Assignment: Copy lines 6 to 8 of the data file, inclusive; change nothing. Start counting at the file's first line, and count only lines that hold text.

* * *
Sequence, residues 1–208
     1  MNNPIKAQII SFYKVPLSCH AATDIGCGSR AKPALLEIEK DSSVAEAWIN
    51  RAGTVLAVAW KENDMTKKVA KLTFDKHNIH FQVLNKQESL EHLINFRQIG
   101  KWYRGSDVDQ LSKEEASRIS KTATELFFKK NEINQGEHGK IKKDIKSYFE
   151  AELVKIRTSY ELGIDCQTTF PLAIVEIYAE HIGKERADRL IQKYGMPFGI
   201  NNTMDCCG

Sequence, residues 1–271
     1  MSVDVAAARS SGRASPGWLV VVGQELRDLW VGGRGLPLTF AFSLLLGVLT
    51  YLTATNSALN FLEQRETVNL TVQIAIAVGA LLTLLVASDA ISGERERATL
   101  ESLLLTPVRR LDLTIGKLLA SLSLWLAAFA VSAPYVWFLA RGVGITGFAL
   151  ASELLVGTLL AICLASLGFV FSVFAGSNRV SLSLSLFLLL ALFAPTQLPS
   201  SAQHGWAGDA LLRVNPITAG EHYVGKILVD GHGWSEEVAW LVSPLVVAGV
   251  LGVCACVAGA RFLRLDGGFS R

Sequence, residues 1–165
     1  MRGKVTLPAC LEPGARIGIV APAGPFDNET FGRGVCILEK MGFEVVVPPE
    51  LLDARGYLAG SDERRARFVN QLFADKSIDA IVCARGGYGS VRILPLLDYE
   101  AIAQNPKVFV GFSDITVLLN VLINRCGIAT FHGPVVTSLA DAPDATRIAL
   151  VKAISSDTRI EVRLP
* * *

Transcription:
   201  NNTMDCCG

Sequence, residues 1–271
     1  MSVDVAAARS SGRASPGWLV VVGQELRDLW VGGRGLPLTF AFSLLLGVLT